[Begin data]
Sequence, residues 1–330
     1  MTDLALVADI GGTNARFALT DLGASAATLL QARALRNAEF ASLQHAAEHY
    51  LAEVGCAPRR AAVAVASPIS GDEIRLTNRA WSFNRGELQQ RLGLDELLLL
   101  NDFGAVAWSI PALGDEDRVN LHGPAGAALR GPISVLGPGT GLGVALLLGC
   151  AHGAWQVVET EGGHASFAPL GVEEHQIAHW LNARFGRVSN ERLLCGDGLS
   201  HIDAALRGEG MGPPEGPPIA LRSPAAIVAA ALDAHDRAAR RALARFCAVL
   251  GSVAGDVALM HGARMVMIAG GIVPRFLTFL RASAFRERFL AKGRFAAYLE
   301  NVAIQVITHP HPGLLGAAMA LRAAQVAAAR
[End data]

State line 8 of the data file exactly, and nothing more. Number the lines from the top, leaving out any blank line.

   301  NVAIQVITHP HPGLLGAAMA LRAAQVAAAR